The journey from Plockton to Dornie is short. Here Loch Alsh, Loch Long and Loch Duich converge and one of Scotland’s most photographed castles can be found; Eilean Donan Castle. There are recordings of a structure on this tiny island as long ago as 580AD but for centuries all that remained was a ruin until the current castle was rebuilt in 1932. We shall stop here for photographs and if we didn’t dine in Plockton we can grab a bite to eat in the castle visitor centre.
If we were to proceed down the road to Kyle of Lochalsh there is a bridge to Skye but a far more novel way to reach the island is by travelling along the old military road to Glenelg where we will find the last operating manual turntable ferry in the world. This small ferry crosses the 600m sea between the mainland and Skye approximately every 20 minutes. When we reach the Isl of Skye we continue to our hotel the former Manor House of the MacLeod Family on the remote and unspoilt Greshornish peninsula.
Isle of Skye Circuit 140 miles about 4 hours riding
This day circuit of helps you see much of the Island. There are many dramatic and scenic spots in Skye and on this journey, we will stop at some of the islands best. Our first stop is at the Fairy Pools. We cannot ride all the way so a little walking is necessary if you want to see the beautifully crystal clear blue pools on the River Brittle that are famed for Wild Swimming.
We continue to Dunvegan Castle. The seat of the Clan Macleod and the only castle in Scotland that has been continuously occupied by the same family for over 800 years. The building has significant architectural importance because it contains work from ten different periods ranging from circa 1200 through to the 1850’s. We shall stop to tour the castle and gardens and enjoy a coffee break in the castle café.
The next section passes an area of Skye much favoured by hill walkers “The Quiraing” a landslip on the eastern face of Meall na Suiramach, the northernmost summit of the Trotternish. The whole of the Trotternish Ridge escarpment was formed by a great series of landslips; the Quiraing is the only part of the slip still moving, indeed the road at its base, near Flodigarry, requires repairs each year. Parts of the distinctive landscape have earned particular names. The Needle is a jagged 120-foot (37 m) high landmark pinnacle, a remnant of land slipping. As you might gather it is a most dramatic area.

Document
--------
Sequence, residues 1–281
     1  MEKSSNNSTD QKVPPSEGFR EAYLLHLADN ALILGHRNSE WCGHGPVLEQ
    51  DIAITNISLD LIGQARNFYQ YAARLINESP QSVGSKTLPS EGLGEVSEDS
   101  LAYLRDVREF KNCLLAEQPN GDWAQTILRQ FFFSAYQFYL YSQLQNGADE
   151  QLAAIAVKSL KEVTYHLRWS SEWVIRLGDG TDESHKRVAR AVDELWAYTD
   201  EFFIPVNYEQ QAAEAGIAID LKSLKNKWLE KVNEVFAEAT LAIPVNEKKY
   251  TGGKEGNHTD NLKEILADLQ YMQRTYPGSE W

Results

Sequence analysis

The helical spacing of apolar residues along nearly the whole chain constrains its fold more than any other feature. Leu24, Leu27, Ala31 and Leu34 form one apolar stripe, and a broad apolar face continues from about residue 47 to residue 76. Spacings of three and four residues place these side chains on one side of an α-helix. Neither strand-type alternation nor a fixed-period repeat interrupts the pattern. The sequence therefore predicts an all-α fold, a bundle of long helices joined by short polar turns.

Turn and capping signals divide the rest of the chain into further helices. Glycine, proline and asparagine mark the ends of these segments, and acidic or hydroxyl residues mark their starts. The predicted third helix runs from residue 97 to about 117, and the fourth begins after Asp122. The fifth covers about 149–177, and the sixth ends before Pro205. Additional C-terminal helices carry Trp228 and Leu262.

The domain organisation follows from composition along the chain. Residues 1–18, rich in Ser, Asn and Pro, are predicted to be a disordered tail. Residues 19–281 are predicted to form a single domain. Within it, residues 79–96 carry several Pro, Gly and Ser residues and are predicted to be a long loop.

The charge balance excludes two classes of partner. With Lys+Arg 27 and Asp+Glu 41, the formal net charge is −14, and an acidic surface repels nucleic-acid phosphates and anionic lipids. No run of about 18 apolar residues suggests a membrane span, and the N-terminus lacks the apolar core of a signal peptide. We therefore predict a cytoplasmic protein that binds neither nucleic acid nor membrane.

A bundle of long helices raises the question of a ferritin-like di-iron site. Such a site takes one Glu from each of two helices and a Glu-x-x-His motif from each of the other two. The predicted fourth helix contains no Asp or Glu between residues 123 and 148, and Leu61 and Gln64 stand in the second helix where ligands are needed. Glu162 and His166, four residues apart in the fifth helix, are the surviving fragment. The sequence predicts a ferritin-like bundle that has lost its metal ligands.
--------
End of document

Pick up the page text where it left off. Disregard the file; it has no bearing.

A short distance further on we come to another of Skye’s landmarks, the dramatic waterfall at Kilt Rock so named because the vertical basalt columns form the pleats along a sea cliffs that resemble a kilt. The Mealt Waterfall freefalls 60 meters from the cliff into the Sound of Raasay below. When there is a strong northerly wind the water can be blown away and so it doesn't actually reach the bottom at all! Care must be taken in this area and you are advised to stay inside the security fencing at the viewing point.
After stopping for photo taking we will make our way to Portree, the largest town on the Island. Along the way we pass the Old Man of Storr a large pinnacle of rock that stands high and can be seen for miles around. We shall break for lunch in Portree. The town is relatively modern having been established about 200 years ago when Lord MacDonald formed a fishing village. The name Portree means “Kings Port” or “Port on the Slope” in Gaelic and as such the area name predates the town. It is known that King James V (of Scotland) visited the area in 1540.
We leave Portree to return to the hotel on some of the road we rode in the morning, but the view is in the opposite direction and so there will be new sights to see.
Broadford, Mallaig, Glencoe, Luss, Glasgow 170 miles about 5 hours riding
We begin our journey back to Glasgow by making our way to Armadale and taking the ferry to Mallaig. Once back on the mainland we pass the Sands of Morrar one of Scotland's most beautiful beaches used in the movie Local Hero which was one of Burt Lancaster's last acting roles. A little further along the road we reach Glenfinnan where the exhibition tells the story of where Bonnie Prince Charlie returned to Scotland and the Jacobite Rising commenced. Here you will also see the Glenfinnan Railway Viaduct used as a location in several films and television series, including Ring of Bright Water, Charlotte Gray, Monarch of the Glen, and several Harry Potter films.
Further along this route as we approach Ft William we stop to look at Neptunes’s Staircase, a set of locks that form the gateway to the Caledonian Canal built by Thomas Telford between 1803 and 1822 . From here we can also see Ben Nevis, Britain's tallest mountain towering over the town. Our journey continues Connell and Ballachulish bridge crossing and from there we enter Glencoe where we make a stop at the Glencoe and Dalness information centre. Here you will learn about the massacre of the MacDonalds on 13th February 1692 by the visiting Campbell's. A few mile on we break for lunch at the Clachaig Inn.
After lunch we continue through Glencoe and on to Crainlaraich before making our next stop at the village of Luss a picturesque spot on the banks of Loch Lomond where we shall take a refreshment break and no doubt take some photographs before we complete our journey back in Glasgow.